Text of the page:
is established by establishing dominance by a male and a female (also called
an alpha male and alpha female). It is generally only this mated pair that
have pups. The wolves show dominance or submission to one another through
facial expression and posture when they meet. Other wolf communication
is achieved through scent marking of territory and howling to assemble
the pack or to establish the other's positions.
Reasons for Endangerment
Since the wolf has few natural enemies, the reason
for its endangerment status is due to human related problems. Man has encroached
upon its territory until the wolf has retreated to only the most wild areas
on our continent. The loss of habitat has directly affected the numbers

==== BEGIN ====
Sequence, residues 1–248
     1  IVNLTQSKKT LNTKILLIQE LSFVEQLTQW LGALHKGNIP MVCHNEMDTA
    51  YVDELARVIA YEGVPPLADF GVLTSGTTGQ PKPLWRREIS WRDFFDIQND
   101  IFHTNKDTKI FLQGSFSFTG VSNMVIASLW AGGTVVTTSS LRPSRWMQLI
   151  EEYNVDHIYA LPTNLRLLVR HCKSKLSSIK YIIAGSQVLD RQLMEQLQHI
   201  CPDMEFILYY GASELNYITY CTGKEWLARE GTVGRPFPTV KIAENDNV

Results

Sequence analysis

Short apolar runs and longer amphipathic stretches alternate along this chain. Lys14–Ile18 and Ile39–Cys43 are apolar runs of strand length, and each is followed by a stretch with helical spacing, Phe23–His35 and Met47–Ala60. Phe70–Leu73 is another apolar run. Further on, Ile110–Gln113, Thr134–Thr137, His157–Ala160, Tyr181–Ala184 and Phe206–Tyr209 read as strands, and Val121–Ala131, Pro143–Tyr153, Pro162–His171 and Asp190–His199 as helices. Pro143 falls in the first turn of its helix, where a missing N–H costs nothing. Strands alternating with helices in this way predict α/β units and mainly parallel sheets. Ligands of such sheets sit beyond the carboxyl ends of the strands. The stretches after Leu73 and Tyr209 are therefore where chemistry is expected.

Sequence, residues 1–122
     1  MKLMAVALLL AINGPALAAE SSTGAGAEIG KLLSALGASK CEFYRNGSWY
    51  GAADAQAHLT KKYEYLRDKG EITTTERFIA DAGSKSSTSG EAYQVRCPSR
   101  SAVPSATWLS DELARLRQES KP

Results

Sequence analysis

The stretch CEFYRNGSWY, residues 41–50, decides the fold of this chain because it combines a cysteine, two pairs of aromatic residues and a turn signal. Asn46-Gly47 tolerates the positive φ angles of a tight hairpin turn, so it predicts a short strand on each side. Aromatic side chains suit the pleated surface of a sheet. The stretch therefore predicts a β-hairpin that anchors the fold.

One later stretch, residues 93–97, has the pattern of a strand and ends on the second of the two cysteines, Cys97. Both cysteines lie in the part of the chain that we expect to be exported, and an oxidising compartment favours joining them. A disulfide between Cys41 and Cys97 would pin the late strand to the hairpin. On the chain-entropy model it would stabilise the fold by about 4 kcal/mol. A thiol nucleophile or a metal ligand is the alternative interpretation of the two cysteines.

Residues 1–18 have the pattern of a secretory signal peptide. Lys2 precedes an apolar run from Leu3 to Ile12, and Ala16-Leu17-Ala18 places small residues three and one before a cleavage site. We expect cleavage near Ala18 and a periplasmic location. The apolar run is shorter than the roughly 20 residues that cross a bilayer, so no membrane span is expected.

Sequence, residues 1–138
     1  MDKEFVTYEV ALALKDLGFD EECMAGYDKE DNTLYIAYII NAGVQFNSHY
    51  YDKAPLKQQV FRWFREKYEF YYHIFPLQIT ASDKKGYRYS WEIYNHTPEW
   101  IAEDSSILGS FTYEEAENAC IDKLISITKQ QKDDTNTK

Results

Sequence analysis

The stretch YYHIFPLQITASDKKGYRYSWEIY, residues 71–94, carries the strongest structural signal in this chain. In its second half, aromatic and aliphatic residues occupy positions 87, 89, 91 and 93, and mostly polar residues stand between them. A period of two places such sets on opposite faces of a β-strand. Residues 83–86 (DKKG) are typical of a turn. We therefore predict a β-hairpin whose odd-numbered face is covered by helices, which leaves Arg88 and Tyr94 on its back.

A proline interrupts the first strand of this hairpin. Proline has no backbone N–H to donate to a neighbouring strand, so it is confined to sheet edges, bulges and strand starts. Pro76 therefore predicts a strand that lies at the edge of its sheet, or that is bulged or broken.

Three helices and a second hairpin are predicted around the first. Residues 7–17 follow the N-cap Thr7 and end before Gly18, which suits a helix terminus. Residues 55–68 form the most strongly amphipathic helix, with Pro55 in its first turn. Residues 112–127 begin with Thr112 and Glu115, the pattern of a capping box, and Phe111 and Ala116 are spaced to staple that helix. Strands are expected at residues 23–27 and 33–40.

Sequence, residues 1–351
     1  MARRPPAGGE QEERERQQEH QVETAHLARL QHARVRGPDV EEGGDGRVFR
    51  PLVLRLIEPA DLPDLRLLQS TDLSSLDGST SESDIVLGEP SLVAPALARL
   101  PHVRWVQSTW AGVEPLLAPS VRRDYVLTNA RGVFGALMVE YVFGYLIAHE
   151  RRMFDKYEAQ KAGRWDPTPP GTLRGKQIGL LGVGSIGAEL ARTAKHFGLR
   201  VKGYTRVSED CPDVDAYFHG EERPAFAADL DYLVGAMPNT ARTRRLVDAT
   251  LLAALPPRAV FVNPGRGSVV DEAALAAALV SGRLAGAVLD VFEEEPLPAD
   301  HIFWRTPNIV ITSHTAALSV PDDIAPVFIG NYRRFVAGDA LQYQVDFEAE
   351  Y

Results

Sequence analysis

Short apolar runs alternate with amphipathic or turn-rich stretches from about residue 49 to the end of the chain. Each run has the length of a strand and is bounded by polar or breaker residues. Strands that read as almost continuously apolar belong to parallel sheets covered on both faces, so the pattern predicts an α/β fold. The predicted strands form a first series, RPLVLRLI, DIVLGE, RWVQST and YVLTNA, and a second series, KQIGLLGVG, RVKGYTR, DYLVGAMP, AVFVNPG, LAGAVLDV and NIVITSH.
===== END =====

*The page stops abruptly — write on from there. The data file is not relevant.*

of wolves seen in the lower 48 states of America. The wolf is the only
animal that has ever been hunted year-round in every national park in the
The wolf has been hunted to near extinction by
ranchers and land owners. This fear is sometimes due to myths about the
nature of the wolf to attack man. Due to the wolf's competition with hunters
for wild game animals, they have been known to kill farm stock when no
other alternatives were available for food sources. Wolves will usually
take the old and injured animals from a herd and thus improve the overall
health of those animals that are left. Healthy wolves in the wild are shy
creatures that avoid areas that man inhabits.
The wolf has been listed as an endangered animal which
protected this species from hunting. There are some breeding programs and
reintroduction practices in place in Minnesota, Alaska, and other areas
of the lower 48 states. Previous animal management programs designed to
increase numbers of large game animals by removing wolves have not proven